Gardaí refuse to volunteer at Croke Park

A Garda spokesman said there would be 'full cover' for tonight's Croke Park match.

A Garda spokesman said there would be 'full cover' for tonight's Croke Park match.


Gardaí are tonight set to cause the first major disruption to public policing as part of their protest about pay cuts when they refuse to volunteer to work inside Croke Park for an intercounty football game.

The move will have knock-on effects across Dublin with foot patrols having to be scaled back to allow other gardaí to be diverted to police the stadium. Gardaí have refused to volunteer for overtime to work at the game.

A Garda spokesman said there would be “full cover” for tonight’s match between Dublin and Mayo, however.

“There will be sufficient numbers to cover inside and outside the grounds, including exits, traffic and junction control,” the spokesman said.

“People going to the match will see no difference at all in terms of the number of gardaí on the ground, and there will be no diminution of security.”

Non-public duty

The provision of policing inside sports stadiums is known as a non-public duty that the GAA and similar bodies must pay for themselves. Gardaí provide such services by volunteering for overtime. They are not rostered for such work as part of their normal duties.

The reduced patrolling in parts of Dublin city centre and some suburbs tonight to allow rostered gardaí to work at the game means some public order black spots will not be as heavily policed as normal.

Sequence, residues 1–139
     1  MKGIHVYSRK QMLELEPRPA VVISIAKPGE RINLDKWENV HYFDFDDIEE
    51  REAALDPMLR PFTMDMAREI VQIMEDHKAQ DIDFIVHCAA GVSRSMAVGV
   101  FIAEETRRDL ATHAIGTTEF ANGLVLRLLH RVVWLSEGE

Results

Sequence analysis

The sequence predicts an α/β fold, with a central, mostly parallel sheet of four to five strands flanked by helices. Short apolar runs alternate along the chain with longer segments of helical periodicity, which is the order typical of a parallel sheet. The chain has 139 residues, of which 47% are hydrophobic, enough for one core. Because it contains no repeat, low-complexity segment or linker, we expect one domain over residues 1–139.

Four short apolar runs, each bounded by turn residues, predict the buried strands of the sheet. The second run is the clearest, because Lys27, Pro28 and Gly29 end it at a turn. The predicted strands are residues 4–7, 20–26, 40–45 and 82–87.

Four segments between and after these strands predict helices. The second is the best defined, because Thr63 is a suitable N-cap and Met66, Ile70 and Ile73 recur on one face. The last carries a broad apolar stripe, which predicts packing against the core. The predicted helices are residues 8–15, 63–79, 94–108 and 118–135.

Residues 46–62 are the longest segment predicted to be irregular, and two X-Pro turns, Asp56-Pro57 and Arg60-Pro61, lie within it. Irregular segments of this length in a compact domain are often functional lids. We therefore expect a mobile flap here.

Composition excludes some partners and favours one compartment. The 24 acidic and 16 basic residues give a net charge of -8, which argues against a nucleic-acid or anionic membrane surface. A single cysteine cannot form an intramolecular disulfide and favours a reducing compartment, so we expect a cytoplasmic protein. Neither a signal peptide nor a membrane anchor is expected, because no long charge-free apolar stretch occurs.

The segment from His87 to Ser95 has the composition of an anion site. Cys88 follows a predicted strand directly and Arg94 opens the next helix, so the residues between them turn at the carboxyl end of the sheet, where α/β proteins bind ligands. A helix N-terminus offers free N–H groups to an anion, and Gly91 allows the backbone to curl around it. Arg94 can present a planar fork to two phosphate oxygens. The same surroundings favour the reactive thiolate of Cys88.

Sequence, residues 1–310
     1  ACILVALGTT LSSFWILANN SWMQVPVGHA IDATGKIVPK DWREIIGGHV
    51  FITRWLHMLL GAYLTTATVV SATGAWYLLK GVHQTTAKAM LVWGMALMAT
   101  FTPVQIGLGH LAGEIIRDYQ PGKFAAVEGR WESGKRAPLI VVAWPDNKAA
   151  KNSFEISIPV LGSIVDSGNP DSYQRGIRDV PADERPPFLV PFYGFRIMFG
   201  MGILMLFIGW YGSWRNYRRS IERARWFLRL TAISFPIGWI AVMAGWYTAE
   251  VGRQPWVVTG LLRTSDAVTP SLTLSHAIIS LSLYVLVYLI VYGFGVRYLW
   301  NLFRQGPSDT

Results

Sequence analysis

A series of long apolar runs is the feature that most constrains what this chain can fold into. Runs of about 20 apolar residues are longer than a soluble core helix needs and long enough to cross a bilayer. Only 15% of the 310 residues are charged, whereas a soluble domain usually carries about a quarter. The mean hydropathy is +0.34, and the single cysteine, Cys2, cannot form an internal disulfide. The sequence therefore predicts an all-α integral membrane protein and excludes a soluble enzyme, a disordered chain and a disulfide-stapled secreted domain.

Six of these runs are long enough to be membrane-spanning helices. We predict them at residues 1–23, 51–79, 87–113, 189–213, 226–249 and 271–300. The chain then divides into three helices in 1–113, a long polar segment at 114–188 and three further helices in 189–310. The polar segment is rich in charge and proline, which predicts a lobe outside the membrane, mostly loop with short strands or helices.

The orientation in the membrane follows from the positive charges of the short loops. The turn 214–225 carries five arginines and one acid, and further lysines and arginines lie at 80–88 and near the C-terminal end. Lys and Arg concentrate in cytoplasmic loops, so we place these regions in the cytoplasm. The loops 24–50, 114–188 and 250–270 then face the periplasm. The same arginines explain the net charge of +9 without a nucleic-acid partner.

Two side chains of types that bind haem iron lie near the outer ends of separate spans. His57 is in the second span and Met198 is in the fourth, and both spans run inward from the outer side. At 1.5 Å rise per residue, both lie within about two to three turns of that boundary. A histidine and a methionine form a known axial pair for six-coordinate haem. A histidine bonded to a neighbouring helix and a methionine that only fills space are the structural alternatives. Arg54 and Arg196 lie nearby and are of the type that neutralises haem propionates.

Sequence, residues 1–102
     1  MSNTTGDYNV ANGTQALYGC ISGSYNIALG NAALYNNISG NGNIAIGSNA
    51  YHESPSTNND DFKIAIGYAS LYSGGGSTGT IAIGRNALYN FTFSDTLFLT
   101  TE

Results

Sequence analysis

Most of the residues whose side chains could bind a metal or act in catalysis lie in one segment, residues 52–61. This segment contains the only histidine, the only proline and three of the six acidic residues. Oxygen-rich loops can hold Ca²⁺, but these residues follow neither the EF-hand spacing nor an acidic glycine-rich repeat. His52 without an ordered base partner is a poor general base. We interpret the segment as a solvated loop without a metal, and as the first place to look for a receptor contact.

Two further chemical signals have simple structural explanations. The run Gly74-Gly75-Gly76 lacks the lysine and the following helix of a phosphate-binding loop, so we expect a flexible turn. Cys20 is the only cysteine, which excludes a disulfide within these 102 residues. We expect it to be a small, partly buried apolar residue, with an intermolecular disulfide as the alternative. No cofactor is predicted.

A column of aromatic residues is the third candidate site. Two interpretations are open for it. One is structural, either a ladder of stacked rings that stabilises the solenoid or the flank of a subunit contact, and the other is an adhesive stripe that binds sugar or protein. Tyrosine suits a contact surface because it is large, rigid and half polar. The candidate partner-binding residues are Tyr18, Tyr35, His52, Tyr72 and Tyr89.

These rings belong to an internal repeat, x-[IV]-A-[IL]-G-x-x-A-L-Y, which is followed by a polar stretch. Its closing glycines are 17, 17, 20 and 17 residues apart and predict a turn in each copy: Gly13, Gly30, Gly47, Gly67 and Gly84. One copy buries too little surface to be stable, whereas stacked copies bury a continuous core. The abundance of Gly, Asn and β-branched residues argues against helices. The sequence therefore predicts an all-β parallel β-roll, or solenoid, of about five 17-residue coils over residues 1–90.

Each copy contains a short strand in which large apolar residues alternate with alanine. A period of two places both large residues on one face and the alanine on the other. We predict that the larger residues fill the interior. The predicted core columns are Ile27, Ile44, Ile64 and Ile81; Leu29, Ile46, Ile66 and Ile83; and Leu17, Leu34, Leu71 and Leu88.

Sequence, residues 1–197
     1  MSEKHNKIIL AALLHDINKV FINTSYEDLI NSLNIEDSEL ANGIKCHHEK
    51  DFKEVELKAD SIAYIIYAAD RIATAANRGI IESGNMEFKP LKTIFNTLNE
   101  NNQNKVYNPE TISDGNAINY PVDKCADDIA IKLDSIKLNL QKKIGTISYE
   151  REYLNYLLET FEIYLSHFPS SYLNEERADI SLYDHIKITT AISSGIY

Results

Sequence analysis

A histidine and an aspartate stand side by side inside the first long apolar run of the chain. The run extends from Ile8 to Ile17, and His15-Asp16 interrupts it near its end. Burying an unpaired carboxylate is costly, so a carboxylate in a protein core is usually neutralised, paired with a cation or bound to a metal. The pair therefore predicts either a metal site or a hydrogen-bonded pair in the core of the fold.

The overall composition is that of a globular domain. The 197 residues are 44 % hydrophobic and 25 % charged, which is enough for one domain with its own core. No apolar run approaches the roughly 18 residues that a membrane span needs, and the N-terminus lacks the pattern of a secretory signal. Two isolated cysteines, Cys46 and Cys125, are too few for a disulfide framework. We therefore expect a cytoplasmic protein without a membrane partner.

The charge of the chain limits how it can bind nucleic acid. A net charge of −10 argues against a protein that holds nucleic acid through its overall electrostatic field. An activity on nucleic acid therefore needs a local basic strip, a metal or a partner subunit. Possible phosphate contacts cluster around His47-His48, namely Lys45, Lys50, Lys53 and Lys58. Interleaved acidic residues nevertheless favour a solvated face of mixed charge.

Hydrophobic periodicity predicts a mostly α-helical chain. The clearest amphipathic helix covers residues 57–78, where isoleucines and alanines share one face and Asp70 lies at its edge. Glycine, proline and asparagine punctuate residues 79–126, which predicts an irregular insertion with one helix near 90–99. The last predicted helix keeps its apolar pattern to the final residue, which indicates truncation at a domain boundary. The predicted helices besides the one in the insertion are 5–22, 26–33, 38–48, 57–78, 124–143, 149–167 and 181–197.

There will not be sufficient numbers of gardaí on rostered duties in the nearby Garda stations of Mountjoy, Store Street and the Bridewell.

Senior sources estimated that about 80 gardaí would need to be taken off the streets and reassigned to police inside the stadium for the meeting of Dublin and Mayo.

The action has effectively been co-ordinated by the Garda Representative Association (GRA) and the Association of Garda Sergeants and Inspectors.

Minister for Justice Alan Shatter said he had the “greatest confidence” that the Garda Commissioner “will ensure that members of the force fully and properly fulfil their duties”.

GRA accusation

Speaking to The Irish Times earlier today, Mr Shatter said it was “regrettable” that the Garda Representative Association had not participated in talks for a new Croke Park deal.

"It is also regrettable that they are misleading people by stating that they had not capacity to participate,” he said.

Yesterday the GRA accused the Government and trade unions of excluding them from the negotiations, but the Minister said this was “misleading”.

“The Garda representative bodies have in the past participated and talks have taken place they chose at a very early stage to exit from the talks. As a consequence they weren’t able to present, decided not to present to those engaged on the other side with the labour relations commission the very special issues members of the Garda force are concerned about."

However, the GRA said: “The trade union movement now dares to suggest that the Garda Representative Association could have received a similar deal to prison officers and firefighters – and influencing the decision. Let’s put this notion to rest: the gardaí were never invited into the main talks and have been excluded, since the formation of the State, from negotiations on matters of Garda pay.”